By Rabbi Chesky Gewirtz
Yaakov fears for his life as he’s preparing to finally meet his brother Eisav after 34 years, knowing his brother has been plotting to kill him all this time. The tension builds as the inevitable encounter approaches and Yaakov is preparing both physically and mentally. When they finally meet, the Torah tells us (Vayishlach 33:4) that Eisav runs towards Yaakov, hugs him, falls on his neck, and kisses him, and he and his twin brother cry together.
There is a discussion in the Midrash cited in Rashi (d’h Vayishakeihu) about whether or not Eisav’s hug and kiss were sincere. But all seem to be in agreement that his cry was genuine. While the affection in a hug and a kiss can be feigned, crying is a natural reaction to a deep-felt emotion that is difficult to fake. R’ Samson Raphael Hirsch explains that despite the person Eisav became, the cry exhibits the fact that he was a grandson of Avraham Avinu. There was a humaneness to the wild hunter. We begin to see the “good” side of Eisav.
But how did Eisav suddenly change his course and decide not to murder his brother after all the years of planning to do so? What exactly was Eisav crying about? What internal emotion evoked such a response? Whatever it was, it seemed to relate to Yaakov as well, as the pasuk states “and they cried.”
Rashi cites an opinion in the Midrash regarding what caused Eisav’s mercy to become suddenly aroused. It was due to seeing the number of times Yaakov and his family bowed to him out of respect. Eisav saw how Yaakov still respected him despite the decisions he had made, and he could not hold back tears. Eisav was an apple that fell far from the tree but was able to feel connected again to his family, and it was the unconditional positive regard which Yaakov showed him that evoked such an emotional response. Unlike the first time Eisav cried, when he missed out on his father’s berachah, this time Eisav’s cry was heard. Yaakov joined in the cry with his brother, as he too longed for a rekindling of the relationship.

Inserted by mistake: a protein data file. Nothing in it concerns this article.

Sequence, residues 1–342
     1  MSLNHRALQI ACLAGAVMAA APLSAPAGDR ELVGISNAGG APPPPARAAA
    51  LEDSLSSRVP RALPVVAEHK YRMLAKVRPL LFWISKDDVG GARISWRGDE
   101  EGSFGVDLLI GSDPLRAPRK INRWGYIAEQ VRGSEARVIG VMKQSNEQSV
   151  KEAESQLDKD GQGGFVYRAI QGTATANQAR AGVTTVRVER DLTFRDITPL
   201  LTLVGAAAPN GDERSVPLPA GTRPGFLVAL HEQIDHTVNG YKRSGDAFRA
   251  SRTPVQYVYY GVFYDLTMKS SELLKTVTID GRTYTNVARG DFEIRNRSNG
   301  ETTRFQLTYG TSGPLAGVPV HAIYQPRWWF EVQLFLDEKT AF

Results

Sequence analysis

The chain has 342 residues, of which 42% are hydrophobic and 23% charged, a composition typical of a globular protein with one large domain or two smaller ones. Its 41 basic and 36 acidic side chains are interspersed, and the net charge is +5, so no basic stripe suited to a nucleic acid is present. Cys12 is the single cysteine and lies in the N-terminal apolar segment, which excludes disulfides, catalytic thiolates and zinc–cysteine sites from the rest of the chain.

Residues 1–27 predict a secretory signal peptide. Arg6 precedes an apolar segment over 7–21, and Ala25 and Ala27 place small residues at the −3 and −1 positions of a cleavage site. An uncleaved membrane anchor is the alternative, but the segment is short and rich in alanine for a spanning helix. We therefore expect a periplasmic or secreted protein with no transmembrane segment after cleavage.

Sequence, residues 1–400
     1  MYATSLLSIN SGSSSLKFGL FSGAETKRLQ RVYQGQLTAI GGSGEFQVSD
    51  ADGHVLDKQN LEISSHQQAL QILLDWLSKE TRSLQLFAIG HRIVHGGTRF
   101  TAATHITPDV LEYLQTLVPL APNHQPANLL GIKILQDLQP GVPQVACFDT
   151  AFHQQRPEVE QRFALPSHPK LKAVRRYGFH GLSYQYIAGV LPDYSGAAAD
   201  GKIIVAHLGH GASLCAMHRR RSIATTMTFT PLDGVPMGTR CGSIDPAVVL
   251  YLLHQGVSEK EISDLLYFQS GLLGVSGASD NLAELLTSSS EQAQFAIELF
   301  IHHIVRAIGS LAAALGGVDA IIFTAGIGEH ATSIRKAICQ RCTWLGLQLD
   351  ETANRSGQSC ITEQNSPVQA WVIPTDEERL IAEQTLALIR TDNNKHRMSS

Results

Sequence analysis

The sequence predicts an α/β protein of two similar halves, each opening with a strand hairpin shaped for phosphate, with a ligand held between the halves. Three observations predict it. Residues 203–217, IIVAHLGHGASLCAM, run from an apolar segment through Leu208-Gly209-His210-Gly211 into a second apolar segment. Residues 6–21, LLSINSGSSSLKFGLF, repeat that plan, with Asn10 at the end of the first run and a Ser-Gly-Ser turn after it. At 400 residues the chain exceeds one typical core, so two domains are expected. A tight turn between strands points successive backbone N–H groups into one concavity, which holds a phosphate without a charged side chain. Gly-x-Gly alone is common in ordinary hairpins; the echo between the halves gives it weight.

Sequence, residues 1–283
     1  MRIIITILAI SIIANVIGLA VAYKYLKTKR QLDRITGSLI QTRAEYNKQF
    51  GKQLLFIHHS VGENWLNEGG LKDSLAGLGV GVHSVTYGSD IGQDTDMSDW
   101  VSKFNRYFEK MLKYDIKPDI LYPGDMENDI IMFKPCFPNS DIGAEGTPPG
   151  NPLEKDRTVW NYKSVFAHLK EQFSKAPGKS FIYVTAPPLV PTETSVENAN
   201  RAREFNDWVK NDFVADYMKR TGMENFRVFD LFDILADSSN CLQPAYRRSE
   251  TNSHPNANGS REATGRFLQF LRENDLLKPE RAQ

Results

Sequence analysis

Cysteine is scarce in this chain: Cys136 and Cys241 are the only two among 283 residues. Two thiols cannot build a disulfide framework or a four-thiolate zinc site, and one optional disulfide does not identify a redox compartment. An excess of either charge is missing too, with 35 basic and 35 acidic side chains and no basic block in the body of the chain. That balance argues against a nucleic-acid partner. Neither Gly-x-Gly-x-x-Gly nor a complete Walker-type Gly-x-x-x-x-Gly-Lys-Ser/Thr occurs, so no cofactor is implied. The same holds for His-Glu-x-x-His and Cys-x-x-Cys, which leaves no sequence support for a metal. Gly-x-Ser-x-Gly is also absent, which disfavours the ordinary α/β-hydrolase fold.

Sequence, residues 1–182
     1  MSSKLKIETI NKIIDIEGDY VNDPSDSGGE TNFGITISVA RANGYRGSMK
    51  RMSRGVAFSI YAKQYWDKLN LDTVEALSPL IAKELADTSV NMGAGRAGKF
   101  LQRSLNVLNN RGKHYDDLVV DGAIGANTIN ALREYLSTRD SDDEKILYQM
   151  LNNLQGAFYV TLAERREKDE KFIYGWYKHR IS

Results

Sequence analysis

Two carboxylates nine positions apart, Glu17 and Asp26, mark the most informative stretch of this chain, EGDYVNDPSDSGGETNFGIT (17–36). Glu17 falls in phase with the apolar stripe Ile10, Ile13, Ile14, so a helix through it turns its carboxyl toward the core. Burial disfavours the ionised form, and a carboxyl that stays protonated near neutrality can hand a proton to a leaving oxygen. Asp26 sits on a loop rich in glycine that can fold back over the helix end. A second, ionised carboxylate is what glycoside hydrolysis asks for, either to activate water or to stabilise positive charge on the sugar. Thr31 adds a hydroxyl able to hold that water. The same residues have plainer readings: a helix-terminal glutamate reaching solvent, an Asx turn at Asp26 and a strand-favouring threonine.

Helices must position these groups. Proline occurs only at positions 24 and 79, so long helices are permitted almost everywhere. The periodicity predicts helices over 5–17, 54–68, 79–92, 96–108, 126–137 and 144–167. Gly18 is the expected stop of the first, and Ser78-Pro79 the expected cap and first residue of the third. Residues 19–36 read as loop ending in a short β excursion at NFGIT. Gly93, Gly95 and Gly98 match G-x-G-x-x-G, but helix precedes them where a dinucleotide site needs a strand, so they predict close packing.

Towards the end of the parashah, the Torah tells us that Eisav left Eretz Yisrael with his family, not as a result of any hatred or conflict with Yaakov’s family, but rather due to practical considerations regarding living space. Furthermore, when his father Yitzchak dies, he joins his brother Yaakov to help with the burial. Despite the destiny of their children to be at arms for generations to come, it seems that Yaakov and Eisav are at peace as a result of this meeting.
Whatever the reasons were that Eisav chose the direction he did, despite their differences, Yaakov never gave up on his brother and continued to treat him with proper respect. May this be a lesson to all of us, as Bnei Yaakov, to realize that no matter what decisions others make, they always deserve our respect and we should always be ready to welcome them home. v
Rabbi Chesky Gewirtz is the rabbi of Congregation Beis Tefillah of North Woodmere. For questions or comments, contact firstname.lastname@example.org.